WriteLog allows its rig drivers to present to the operator what looks like two separate rigs, when there is, in fact, only one physical radio connected. This feature is not implemented on most of WriteLog’s rig drivers because it (a) requires a substantial amount of software work to construct but (b) only is useful if the rig itself is capable of simultaneous reception on two different bands at the same time. The Flex-6000’s qualify on this count. Here is how you add that capability to your WriteLog configuration. You start with WriteLog’s Setup/Ports dialog.
Slices A&B on a different Panadapter from Slices C&D
The key is that two rows in the dialog box both name the same FlexRadio (“Mayfield” in this case). Having done that you should configure SmartSDR to have two Panadapters.
WriteLog does not enforce the recommendation above that you create a second Panadapter, and that you place Slice A and B on one of them, and Slice C and D on the other. But this is a very strong recommendation. Why? There are several important reasons.
- The spectrum WriteLog draws on its Front Panel backgrounds comes from an IQ stream from a Panadapter. WriteLog can only draw spectrums out to half the IQ stream bandwidth from the center of the Panadapter. If you put Slices C and D on the same Panadapter as A and B, then all have to be within the same 192KHz bandwidth else at least some of the spectrums do not draw.
- All Slices on a Panadapter share their ANT setting, so to listen on one ANT while transmitting on the other, the Transmit Slice (with the bright red TX indicator like in the capture above) must be on a different Panadapter than the receive Slice. FlexRadio has announced software upgrades to enable full duplex (listen while transmit) operation. But that can only happen on two different antennas.
- This gets even more important if you have a Flex-6700, which has two independent receiver chains. More about that later.
Operating two Panadapters concurrently on different bands?
This recommendation to separate Slices A&B onto a different Panadapter from Slices C&D does not mean those two Panadapters should or should not be on different ham bands. For all Flex-6000 models and all antenna configurations, there is no performance degradation operating the two Panadapters on the same ham band. Successfully operating two Panadapters concurrently on different ham bands depends on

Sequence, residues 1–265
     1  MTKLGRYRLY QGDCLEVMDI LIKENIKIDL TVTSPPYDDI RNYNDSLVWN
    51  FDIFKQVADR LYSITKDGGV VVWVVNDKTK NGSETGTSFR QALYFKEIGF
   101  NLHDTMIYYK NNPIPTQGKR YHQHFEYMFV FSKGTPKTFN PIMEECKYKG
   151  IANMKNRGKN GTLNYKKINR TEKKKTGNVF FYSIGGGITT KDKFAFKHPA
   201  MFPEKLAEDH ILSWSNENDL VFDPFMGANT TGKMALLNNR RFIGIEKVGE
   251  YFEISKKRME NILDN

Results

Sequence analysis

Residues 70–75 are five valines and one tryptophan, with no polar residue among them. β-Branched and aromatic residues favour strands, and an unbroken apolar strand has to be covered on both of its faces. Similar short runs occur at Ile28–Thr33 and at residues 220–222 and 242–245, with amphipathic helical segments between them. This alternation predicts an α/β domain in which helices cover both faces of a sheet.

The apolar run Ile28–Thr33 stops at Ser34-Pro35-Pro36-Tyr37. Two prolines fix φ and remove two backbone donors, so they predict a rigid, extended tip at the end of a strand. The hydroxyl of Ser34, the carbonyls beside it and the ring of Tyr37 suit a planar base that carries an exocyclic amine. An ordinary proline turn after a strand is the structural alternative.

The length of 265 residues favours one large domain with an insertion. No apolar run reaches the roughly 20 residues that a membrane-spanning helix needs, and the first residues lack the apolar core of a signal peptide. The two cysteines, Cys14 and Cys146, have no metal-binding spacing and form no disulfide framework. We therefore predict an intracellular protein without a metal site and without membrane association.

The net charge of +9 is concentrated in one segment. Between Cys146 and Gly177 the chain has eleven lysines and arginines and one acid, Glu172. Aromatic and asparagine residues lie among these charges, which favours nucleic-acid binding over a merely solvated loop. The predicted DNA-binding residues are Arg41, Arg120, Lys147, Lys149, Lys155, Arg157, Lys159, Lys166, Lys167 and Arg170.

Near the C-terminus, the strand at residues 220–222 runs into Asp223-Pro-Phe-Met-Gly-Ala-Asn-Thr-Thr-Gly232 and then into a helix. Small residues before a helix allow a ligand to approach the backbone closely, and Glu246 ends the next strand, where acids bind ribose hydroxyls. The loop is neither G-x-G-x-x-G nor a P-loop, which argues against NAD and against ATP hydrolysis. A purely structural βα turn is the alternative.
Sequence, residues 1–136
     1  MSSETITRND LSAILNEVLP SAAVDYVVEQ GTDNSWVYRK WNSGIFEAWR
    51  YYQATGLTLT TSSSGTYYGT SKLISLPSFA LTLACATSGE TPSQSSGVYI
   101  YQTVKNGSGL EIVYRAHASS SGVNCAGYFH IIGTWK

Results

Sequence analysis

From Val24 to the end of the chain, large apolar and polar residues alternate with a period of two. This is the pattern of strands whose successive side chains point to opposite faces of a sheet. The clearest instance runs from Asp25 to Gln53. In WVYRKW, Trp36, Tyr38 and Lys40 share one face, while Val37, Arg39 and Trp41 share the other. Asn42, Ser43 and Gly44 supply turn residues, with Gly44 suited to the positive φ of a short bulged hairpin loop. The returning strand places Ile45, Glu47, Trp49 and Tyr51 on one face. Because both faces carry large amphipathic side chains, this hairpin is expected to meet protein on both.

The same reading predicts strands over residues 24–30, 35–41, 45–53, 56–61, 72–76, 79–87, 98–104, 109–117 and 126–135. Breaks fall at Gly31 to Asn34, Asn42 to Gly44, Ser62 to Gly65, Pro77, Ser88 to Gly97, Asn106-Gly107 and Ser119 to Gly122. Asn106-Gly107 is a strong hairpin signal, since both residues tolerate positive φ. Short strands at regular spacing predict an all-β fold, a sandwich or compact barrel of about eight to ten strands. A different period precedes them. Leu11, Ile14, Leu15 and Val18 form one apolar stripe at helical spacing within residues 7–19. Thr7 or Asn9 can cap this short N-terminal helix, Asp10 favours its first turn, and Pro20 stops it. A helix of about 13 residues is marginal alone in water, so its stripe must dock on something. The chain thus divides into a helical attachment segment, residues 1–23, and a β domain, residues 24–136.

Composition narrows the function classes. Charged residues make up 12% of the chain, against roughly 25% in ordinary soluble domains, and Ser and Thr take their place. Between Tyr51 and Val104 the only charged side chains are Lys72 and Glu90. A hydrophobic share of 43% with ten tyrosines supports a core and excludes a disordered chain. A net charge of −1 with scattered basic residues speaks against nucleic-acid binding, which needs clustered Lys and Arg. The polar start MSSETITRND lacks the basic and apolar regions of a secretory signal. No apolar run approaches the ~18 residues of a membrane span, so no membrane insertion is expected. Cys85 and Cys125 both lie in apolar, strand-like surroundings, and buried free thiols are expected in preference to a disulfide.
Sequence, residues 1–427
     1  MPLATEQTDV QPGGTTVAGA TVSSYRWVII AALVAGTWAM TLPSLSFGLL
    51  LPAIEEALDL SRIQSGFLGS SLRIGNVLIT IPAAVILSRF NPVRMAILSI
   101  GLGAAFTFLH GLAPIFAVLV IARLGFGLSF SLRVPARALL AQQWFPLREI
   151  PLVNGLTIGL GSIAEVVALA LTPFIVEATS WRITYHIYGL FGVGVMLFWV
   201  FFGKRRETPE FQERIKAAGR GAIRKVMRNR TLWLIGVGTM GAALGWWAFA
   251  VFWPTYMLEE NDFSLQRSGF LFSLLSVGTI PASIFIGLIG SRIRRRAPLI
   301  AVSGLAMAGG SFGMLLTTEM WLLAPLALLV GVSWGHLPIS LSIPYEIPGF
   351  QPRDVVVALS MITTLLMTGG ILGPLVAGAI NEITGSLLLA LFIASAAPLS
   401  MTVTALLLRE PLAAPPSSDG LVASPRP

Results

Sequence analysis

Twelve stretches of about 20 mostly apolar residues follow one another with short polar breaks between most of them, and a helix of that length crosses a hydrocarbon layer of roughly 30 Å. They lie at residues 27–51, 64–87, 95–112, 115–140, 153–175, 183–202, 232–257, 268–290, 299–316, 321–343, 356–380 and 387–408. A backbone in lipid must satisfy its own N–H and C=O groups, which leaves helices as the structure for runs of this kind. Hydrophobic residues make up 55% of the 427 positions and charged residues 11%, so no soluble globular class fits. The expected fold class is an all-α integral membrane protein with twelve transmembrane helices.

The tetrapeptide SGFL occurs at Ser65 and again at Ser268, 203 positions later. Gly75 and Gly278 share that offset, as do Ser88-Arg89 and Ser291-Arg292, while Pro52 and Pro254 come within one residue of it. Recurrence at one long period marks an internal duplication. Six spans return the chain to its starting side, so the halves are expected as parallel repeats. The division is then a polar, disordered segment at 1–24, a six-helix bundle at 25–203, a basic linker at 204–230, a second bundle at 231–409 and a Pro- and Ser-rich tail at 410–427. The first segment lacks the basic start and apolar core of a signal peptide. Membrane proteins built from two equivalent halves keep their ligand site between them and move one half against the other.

- on which Flex model you have
- whether the antennas you have connected to the Flex’s ANT connector(s) are single band or multi-band antennas
- whether you can do without the bandpass filters in the ‘6500 when multi-band receive forces it into its WIDE mode. This can be important if you are operating SO2R with another radio besides your Flex.
The final posting on use of a second radio discusses these trade-offs in more detail.
Here is what the dataflow of the integrated WriteLog/SmartSDR/FlexRadio system looks like, and how to set WriteLog’s dialogs appropriately.
Do not overlook these details:
- The Entry Window corresponding to Slices C and D should be set using WriteLog’s menu Radio/This-Window-Is/Radio-3. Why? Because WriteLog will move the Active indicator within SmartSDR only if its corresponding Entry Window has a designation of one of L/R/3/4. (The Active indicator is the yellow bar that control which Slice the FlexControl knob will tune when it is turned.) You really want WriteLog to move that Active indicator correctly.
- Why does it need to be 3 and not L or R? This is because I chose at this point in the discussion to add in the ability of WriteLog to route audio to a recording file, and also from the station microphone connected to the PC instead of directly to the Flex. When WriteLog controls any of its various multi-radio options that only expect two-choices: CW keyer L/R selection, the microphone routing to L/R rig, and the headphone routing for L/R rig, WriteLog treats the 3 (and 4) rigs just like R. So when you switch WriteLog’s transmit or receive focus between the R window and the 3 window, nothing changes in the CW keyer, or mic or headphone routing.
- In the picture that both the station microphone and the shack headphones are no longer connected to the Flex front panel, but are instead connected to physical Windows Recording and Playback devices, respectively. This enables WriteLog to record both all your transmitted audio as well as all received audio. Use WriteLog’s Sound board mixer control to set up which Windows devices are used, and use WriteLog’s Setup/Sound-board-options to turn on Echo Mic and Continuous Record.
- This picture shows the FlexRadio’s audio output connected to a physical Recording device. That sound makes it to the WriteLog mixer via a cable connection from the Flex (ACC jack in this picture, but the SPEAKER works as well) to a physical Recording Device on the PC. There are alternative sound routing configurations involving use of the DAX RX Audio devices in WriteLog’s Mixer, rather than requiring this additional cable between your Flex and your PC. However these features won’t work via DAX RX audio:
- none of the DAX RX audio streams from the radio include CW Sidetone.
- The radio’s Audio Pan/Gain controls only the audio via its HEADPHONES/SPEAKER/ACC and not the DAX channels.
- For digital mode operation, the number of MMTTY decoders running is expanded to four. (Not shown is that you need four RttyRite windows to go with them.) You can have one on each Slice, decoding from the four DAX RX 1 through 4 channels. Two of them must be RttyRite “clone Windows” because WriteLog will only command the first two into transmit mode.
This configuration gives a lot of versatility, but, by my own definition of the term, this is not SO2R. For Single Operator 2 Receiver operation, my definition requires being able to transmit on one antenna while simultaneously receiving on another. Read the next post to see a way to add that.